So You've Earned Yourself A Holiday Overseas?
Updated: Oct 20, 2019
Entitlement. This is a term I talk about quite regularly on this blog and is something that I am going to talk about continuously time and time again.
It seems it is a term a lot of people love having, one that many people have become quite accustomed to.
There have been countless times that I have been in another country from my own and witnessed privileged travellers become infuriated and frustrated at locals they are engaging with because they do not speak English. And through such frustrations, I have observed many attitudes formed and expressed in patronising and demoralising ways.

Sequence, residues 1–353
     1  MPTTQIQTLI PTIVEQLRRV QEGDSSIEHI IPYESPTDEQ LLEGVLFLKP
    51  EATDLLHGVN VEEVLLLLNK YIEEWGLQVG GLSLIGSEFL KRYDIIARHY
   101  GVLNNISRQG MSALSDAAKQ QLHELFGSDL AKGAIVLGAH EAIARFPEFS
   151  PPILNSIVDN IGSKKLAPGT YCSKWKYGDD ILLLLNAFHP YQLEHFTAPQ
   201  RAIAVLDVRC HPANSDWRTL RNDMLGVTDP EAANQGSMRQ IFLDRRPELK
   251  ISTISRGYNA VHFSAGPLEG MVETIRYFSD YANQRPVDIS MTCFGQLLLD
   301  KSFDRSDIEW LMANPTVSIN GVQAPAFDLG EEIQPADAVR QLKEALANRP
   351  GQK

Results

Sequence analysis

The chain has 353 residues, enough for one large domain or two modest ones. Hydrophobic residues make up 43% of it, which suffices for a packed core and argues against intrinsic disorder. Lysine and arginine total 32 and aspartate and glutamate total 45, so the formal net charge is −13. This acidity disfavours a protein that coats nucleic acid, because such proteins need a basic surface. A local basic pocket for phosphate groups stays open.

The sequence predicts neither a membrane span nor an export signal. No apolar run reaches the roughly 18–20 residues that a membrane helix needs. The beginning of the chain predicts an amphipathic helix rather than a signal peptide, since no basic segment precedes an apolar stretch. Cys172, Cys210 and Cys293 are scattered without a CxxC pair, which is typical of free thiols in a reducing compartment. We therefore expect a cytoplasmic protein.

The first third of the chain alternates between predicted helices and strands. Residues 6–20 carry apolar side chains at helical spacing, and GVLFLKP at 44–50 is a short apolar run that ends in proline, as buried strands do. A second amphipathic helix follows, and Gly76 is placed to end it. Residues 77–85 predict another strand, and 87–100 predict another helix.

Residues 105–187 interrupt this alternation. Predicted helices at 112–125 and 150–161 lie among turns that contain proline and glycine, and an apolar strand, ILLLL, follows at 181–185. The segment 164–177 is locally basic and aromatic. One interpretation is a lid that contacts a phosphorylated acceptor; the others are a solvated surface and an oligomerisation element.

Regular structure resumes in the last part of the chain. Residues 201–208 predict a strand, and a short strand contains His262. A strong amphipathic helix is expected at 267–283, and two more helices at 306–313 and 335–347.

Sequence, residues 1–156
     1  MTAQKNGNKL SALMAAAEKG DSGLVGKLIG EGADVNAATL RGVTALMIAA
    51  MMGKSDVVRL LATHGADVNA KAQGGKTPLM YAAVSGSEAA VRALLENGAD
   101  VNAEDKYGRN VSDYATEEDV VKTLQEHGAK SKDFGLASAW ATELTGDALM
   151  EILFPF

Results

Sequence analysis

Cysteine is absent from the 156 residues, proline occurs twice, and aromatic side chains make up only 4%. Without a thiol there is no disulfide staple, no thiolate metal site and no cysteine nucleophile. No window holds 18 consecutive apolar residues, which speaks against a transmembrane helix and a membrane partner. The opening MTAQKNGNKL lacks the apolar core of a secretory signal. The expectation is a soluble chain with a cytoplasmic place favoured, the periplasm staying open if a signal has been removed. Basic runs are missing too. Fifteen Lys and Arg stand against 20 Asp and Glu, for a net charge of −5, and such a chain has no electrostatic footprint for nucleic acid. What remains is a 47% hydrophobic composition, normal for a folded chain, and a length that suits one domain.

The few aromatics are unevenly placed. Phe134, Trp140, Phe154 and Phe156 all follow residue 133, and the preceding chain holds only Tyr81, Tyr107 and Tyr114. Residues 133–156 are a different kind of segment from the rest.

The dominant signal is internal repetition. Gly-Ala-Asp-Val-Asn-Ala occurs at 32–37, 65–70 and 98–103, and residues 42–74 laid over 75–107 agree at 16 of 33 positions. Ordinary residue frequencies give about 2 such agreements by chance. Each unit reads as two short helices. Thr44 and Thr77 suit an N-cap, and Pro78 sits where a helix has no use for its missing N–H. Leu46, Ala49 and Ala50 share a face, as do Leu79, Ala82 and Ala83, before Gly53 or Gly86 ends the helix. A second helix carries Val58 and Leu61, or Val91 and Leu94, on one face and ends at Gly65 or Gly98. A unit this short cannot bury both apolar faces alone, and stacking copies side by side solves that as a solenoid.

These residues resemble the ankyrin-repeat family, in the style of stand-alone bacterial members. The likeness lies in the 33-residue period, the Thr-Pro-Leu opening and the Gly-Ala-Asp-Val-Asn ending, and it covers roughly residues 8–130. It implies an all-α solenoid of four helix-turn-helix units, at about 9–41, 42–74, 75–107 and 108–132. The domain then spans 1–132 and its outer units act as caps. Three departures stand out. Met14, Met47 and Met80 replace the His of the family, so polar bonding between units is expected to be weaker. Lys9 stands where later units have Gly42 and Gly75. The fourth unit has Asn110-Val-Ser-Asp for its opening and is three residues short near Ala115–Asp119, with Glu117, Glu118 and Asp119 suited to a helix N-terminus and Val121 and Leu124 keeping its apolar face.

Each time I have witnessed these encounters, I continue to become saddened and disheartened at our world and the idea of any potential growth and change in Western thought processes and values.
This expectation of mutual understanding that many people hold whilst travelling, is unrealistic and extremely damaging. There is this assumption that everyone should be required to be familiar with the same concepts and ways of life that we are so accustomed to. This automatic thought process that assumes every individual we encounter, thinks and lives the same as our own way of life, is ludicrous and nothing short of values that harbours underlying supremacist principles.
Through these assumptions, we are creating very damaging structures. These unrealistic expectations and lack of respect to learn anything in return are sending a message to people that are foreign from our own customs, that our way of life is superior and should be prioritised and favoured.